John C. Calhoun and “State’s Rights”
These people rejected the compact theory advanced by Calhoun, claiming that the Constitution was the product of the people, not the states. According to the nationalist position, the Supreme Court had the final say on the constitutionality of legislation, the national union was perpetual and had supreme authority over individual states. While Calhoun's "Exposition" claimed that nullification was based on the reasoning behind the Kentucky and Virginia Resolutions, an aging James Madison in an August 28, letter to Edward Everettintended for publication, disagreed.
Madison wrote, denying that any individual state could alter the compact: That the 7 might, in particular instances be right and the 17 wrong, is more than possible. Healy Part of the South's strategy to force repeal of the tariff was to arrange an alliance with the West.
Under the plan, the South would support the West's demand for free lands in the public domain if the West would support repeal of the tariff. With this purpose Robert Hayne took the floor on the Senate in earlythus beginning "the most celebrated debate, in the Senate's history. Webster's position differed from Madison's: Webster asserted that the people of the United States acted as one aggregate body, Madison held that the people of the several states had acted collectively.
John Rowan spoke against Webster on that issue, and Madison wrote, congratulating Webster, but explaining his own position. However once the debate shifted to secession and nullification, Jackson sided with Webster. On April 13, at the traditional Democratic Party celebration honoring Thomas Jefferson's birthday, Jackson chose to make his position clear. The transaction was not illegal, for war department officials enjoyed considerable latitude in awarding government contracts, and the primary contractor had submitted the lowest bid, but the appearance of impropriety gave Crawford additional ammunition.
Congress began an exhaustive review of the war department, with the "Radicals" taking the lead. Although the investigation found no evidence of malfeasance on Calhoun's part, Republicans were inherently suspicious of standing armies, and even the National Republicans were reluctant to fund a peacetime army on the scale envisioned by Calhoun.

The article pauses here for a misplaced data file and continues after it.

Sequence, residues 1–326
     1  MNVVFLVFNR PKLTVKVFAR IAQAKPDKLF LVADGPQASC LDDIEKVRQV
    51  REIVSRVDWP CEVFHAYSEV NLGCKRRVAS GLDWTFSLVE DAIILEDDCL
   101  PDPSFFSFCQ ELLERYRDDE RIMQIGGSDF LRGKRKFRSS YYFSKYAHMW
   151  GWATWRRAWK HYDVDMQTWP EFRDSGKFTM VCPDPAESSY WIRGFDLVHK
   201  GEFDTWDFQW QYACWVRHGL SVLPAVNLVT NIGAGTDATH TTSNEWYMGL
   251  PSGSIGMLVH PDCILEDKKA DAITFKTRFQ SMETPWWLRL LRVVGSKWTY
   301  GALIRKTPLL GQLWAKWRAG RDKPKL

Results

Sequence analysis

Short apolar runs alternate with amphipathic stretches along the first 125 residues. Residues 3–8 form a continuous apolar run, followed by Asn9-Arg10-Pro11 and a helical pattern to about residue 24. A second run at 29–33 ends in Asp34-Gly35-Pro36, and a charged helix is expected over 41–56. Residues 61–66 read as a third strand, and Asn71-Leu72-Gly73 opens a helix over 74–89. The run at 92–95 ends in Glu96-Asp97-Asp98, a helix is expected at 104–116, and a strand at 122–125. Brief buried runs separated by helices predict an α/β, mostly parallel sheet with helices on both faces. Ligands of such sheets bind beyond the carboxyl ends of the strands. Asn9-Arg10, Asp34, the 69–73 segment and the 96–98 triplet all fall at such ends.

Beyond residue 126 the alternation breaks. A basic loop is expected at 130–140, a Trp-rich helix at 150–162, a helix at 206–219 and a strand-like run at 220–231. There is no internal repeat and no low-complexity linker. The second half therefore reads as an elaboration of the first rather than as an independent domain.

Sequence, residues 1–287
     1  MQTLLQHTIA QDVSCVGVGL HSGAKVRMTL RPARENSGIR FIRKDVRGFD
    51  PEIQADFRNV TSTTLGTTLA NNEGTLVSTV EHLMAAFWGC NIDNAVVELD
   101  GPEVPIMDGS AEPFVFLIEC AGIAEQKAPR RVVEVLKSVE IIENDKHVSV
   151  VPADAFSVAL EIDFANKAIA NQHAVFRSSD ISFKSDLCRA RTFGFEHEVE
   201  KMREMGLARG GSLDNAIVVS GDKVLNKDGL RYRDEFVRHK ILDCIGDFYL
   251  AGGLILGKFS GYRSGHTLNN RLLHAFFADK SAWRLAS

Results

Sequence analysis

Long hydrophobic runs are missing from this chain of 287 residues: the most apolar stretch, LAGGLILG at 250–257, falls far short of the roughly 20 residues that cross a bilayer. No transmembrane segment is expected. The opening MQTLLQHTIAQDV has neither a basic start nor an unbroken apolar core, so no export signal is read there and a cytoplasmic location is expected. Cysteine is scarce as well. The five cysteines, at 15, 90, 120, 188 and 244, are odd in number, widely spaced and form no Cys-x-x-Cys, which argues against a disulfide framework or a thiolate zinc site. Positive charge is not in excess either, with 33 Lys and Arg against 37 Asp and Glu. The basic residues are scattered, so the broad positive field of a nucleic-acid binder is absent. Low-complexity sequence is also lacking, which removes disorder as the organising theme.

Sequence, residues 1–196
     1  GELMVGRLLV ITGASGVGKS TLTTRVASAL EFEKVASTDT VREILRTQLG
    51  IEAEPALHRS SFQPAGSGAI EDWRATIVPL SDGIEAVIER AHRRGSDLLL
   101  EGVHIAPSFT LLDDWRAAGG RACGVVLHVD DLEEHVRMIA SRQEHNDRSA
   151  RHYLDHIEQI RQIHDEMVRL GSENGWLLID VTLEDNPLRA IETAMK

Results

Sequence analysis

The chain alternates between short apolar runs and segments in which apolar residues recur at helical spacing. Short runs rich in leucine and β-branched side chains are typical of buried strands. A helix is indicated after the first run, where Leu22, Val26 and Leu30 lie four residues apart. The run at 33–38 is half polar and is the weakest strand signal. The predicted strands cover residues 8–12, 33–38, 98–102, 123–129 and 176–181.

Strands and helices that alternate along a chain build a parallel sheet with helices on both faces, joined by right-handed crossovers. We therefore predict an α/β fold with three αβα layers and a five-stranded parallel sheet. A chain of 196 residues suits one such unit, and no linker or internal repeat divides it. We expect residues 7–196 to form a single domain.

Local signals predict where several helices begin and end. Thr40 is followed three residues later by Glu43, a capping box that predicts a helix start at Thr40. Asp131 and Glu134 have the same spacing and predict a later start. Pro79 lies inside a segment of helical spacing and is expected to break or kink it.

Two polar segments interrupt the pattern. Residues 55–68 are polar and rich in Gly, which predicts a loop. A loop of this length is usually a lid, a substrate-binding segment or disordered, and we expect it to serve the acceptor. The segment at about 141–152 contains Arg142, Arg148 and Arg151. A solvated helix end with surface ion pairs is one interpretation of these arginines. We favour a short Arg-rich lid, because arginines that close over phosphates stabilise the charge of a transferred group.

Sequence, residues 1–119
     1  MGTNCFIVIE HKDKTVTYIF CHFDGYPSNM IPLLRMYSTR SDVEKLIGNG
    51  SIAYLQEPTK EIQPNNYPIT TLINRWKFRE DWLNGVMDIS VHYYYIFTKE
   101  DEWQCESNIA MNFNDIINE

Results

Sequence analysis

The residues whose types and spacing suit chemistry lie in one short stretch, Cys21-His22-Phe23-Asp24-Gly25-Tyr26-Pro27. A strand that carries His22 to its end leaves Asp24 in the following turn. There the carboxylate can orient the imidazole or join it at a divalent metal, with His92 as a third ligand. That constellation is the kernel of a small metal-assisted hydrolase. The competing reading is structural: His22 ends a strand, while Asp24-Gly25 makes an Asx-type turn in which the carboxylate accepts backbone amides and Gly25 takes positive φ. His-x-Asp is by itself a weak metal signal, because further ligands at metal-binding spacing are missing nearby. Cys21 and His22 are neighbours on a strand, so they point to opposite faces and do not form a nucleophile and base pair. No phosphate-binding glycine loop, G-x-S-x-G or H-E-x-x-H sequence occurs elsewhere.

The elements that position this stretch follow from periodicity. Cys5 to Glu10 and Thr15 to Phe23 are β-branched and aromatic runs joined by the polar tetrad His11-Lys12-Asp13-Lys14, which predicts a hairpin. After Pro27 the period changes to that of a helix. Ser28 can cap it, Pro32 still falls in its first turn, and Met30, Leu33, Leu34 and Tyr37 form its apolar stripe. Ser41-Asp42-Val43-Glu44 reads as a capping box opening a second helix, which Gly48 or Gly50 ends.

Congress ultimately reduced the war department budget by close to 50 percent. The Presidential Election Calhoun declared himself a candidate for the presidency in Decembermuch to the surprise of Secretary of State John Quincy Adams, widely considered to be Monroe's heir apparent by virtue of his office.
Calhoun and Adams were friends; both avid nationalists, they had also been political allies until the Missouri crisis in exposed their profound disagreement over slavery. Calhoun, however, became convinced that Adams was too weak a candidate to defeat Crawford, who enjoyed a significant following within the congressional nominating caucus. The South Carolinian, determined to prevent Crawford's election at any cost, therefore decided to become a candidate himself.
Calhoun believed that he was the only candidate who could command a national following; he had been warmly received during a visit to the northern and middle states inand his efforts to strengthen the nation's defenses had won him a following in the West, as well. His quest, however, lost momentum after the South Carolina legislature voted to endorse another favorite son, William Lowndes. Not only did Calhoun face formidable opposition from Crawford's supporters, now ably led by New York Senator Martin Van Burenbut, to the amazement of many, Jackson soon emerged as a leading contender.
Calhoun's Pennsylvania supporters eventually declared for Jackson, endorsing Calhoun as their vice-presidential candidate. As other states followed suit, the ambitious young secretary of war was, in one scholar's words, "everybody's 'second choice.